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The Vietnam War - Essay Example

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According to Burrows (2002), the Vietnam War was fought between 1959 and 1975, with the major players being the United States, the Soviet Union. Based not only on my understanding of the conflict, I believe that the real enemy in the Vietnam War was communism, represented by the Soviet Union…
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Vietnam War
Introduction
According to Burrows (2002), the Vietnam War was fought between 1959 and 1975, with the major players being the United States, the Soviet Union. Based not only on my understanding of the conflict but also large volumes of literature that are available on the subject, I believe that the real enemy in the Vietnam War was communism, represented by the Soviet Union. The USSR’s continued support and supply of materiel to North Vietnam and the Vietcong prompted the American government to react so as to prevent the fall of South Vietnam and as a result the spread of communism. During the Cold War, there was an intense and bitter struggle between the two main isms that existed at the time, communism and capitalism. Both the United States and the Soviet Union worked towards containing and minimizing the spread of each country’s ideologies, and if possible eradicate it. Around this time, China, North Korea and Cuba were also emerging as real challengers and threats to the existence of capitalism and the continued domination of world affairs by the United States. The US government did not want communism to spread and spiral out of control, because it already posed enough threat to capitalism. The Vietcong’s invasion of South Vietnam was therefore an excuse and the perfect opportunity to fight communism, and it responded quickly (Murray, 2005).
By 1965 the war had escalated into a full-blown conflict, with US troops being involved in a form of warfare that they had never seen before. The Vietcong believed in and practiced guerilla warfare; they had perfected it to suit their tactics and objectives (Murray, 2005). US troops came face to face with a method of engagement they had never seen before, something very different from conventional warfare but just as effective (if not more effective). The war was heavily punctuated by ambushes, surprise attacks, insurgency and counterinsurgency, and there were so many casualties on both sides of the war. This made it very difficult for the American government to bring the war to an end because they were fighting an enemy that was elusive as he was dangerous (Burrows, 2002).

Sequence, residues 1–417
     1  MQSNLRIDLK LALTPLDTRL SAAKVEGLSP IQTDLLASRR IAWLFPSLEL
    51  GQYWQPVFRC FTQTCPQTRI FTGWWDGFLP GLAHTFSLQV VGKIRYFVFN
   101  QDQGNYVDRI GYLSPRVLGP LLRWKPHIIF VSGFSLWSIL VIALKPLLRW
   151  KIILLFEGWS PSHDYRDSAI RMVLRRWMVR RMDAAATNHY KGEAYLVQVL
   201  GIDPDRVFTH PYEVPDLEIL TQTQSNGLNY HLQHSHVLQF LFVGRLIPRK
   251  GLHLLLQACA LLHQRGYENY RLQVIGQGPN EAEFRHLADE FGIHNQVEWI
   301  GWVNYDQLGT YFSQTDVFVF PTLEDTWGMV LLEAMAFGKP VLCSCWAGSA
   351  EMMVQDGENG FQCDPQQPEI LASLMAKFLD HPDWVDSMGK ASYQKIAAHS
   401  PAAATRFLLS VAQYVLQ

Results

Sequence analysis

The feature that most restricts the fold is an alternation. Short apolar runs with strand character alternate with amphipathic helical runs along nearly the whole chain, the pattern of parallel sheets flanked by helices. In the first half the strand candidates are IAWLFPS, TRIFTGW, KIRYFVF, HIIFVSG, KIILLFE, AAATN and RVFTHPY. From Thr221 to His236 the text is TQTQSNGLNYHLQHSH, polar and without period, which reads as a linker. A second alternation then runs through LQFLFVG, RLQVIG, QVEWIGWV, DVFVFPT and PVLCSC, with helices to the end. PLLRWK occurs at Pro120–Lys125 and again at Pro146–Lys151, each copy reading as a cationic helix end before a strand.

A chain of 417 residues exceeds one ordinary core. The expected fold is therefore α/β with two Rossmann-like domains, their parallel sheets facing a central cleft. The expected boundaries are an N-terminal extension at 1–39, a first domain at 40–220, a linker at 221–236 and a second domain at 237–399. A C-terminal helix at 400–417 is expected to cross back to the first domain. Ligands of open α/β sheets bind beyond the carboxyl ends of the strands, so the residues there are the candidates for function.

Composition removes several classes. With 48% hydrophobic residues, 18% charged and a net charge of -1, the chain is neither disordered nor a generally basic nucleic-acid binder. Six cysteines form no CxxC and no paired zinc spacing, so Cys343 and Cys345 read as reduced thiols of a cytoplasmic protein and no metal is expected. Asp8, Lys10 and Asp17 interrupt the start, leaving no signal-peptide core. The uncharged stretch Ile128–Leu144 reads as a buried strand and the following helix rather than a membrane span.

Burrows (2002) states that “everybody recognized that it would take something special to bring the war to an end, and in 1968 it duly arrived in the form of the Tet Offensive”. This surprise attack is believed to have deal a major psychological blow to the US government and troops. The American public turned against the Johnson administration, and the president was disgraced to say the least. He subsequently declined his party’s re-nomination, and alluded to a willingness to begin peace talks with the North Vietnamese government. Richard Nixon succeeded Lyndon Johnson and not long afterwards initiated peace talks with the Vietcong on January 25, 1969 in Paris. On 27th January 1973, an agreement was reached. Ceasefire was immediately declared and the US began withdrawing its troops, the last ones leaving on 29th March 1973 (Murray, 2005).
References
Burrows, L. (2002). Vietnam. New York: A.A. Knopf.
Murray, S. (2005). Vietnam War. New York: DK Pub. Read More
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